I’m pretty sure that NYPL started this. They have Patience and Fortitude, after all. But we post something book or cat (preferably both) every Saturday, and they are generally successful. Does it play into a librarian stereotype? Yes. Is our social media team genuinely fond of cats? Yes.
If you don’t approve, blame it on Spike. He’s so damn cute in his bow tie. (Yes, my cat sits on the library board. No, it wasn’t my idea).
These are things I feel are kind of obvious, but still see some libraries doing. Think of these as a best practices for using Facebook in public libraries. (Or in life.)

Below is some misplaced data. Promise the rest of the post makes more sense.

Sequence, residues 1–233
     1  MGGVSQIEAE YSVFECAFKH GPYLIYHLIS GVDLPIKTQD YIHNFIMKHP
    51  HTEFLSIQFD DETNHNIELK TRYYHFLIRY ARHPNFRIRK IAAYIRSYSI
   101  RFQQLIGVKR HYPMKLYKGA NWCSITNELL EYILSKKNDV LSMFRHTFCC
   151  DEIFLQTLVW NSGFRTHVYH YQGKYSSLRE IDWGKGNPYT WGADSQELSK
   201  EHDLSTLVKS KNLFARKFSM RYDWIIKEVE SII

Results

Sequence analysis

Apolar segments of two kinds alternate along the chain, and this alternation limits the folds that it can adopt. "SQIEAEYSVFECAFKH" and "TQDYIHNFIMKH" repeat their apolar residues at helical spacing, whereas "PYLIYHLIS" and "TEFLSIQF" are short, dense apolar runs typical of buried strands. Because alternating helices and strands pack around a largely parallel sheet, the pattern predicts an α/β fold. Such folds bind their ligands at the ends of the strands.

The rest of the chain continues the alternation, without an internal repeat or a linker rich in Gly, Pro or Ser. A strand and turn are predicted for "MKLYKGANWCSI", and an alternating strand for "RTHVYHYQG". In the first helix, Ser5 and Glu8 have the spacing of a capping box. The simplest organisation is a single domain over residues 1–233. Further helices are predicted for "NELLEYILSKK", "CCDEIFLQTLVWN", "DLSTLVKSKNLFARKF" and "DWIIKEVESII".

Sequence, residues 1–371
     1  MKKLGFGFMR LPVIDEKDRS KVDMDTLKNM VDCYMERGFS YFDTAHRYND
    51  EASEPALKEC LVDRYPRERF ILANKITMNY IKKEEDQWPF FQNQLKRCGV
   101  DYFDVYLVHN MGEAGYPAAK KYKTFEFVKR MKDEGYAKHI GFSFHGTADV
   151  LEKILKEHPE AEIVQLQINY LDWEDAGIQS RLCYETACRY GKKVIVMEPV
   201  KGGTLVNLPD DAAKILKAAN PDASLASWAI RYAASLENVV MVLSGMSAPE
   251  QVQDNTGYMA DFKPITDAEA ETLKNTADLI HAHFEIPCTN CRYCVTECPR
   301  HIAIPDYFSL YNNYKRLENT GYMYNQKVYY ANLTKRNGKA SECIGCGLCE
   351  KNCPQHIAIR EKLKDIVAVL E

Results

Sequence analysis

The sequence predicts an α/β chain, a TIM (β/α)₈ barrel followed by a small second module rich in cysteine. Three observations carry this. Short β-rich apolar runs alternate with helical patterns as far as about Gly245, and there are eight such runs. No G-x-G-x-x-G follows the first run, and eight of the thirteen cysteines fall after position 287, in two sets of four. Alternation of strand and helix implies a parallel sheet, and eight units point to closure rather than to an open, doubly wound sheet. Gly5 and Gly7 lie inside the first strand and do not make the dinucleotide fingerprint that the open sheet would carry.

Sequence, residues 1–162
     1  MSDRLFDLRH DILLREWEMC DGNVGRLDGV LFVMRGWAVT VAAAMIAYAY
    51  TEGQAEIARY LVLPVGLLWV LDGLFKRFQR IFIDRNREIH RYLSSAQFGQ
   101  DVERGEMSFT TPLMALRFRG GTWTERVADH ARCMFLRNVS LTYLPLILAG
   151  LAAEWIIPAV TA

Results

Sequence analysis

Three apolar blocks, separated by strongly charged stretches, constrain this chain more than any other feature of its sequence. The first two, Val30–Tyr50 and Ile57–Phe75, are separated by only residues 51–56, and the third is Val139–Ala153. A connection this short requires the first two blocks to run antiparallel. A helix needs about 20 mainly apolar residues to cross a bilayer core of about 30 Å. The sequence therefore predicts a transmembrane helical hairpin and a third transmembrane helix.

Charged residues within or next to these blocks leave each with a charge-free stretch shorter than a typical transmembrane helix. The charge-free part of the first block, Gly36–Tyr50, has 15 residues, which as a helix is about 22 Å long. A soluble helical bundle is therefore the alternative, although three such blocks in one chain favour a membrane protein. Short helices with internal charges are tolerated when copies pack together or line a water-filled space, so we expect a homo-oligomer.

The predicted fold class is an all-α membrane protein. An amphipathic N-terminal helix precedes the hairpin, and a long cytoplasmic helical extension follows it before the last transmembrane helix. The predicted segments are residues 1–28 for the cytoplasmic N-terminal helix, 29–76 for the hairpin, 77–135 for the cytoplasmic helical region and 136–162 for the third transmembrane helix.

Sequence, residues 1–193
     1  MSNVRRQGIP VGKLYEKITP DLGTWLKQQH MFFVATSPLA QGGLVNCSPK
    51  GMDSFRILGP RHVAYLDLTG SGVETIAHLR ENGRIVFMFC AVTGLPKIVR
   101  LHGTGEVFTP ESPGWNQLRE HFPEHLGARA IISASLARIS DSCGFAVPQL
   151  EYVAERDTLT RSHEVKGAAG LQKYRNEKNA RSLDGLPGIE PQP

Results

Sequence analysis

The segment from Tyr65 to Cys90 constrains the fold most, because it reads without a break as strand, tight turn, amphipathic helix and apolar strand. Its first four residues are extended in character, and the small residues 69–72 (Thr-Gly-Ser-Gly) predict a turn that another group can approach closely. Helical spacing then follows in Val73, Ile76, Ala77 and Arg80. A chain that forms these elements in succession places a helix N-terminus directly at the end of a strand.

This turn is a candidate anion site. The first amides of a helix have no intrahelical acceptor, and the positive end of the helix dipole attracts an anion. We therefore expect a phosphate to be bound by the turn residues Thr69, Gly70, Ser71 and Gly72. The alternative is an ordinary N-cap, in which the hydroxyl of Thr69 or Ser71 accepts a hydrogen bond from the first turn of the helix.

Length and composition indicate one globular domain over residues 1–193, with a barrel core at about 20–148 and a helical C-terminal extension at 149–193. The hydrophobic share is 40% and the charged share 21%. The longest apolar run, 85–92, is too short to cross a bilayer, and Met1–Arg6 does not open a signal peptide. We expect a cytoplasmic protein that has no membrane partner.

1) Don’t automate the same posts to go up simultaneously on Facebook and Twitter. They are different audiences and the posts just need to be formatted differently, period. While it might be preferable to automate certain things, like reminders about upcoming events, sometimes even these benefit from being posted separately. We use Hootsuite, but don’t like the way it displays images. Sometimes it’s nice to share more information and detail on Facebook, when you have to be concise and brief on Twitter. And yes, I know hashtags work on Facebook too, but I just…I can’t personally support them being used there. It’s also important to consider the way you tag individuals or organizations on Facebook versus Twitter is completely different. It may be a little extra work, but take the time to tailor (most) messages to their respective platforms, and only duplicate if it’s important and necessary.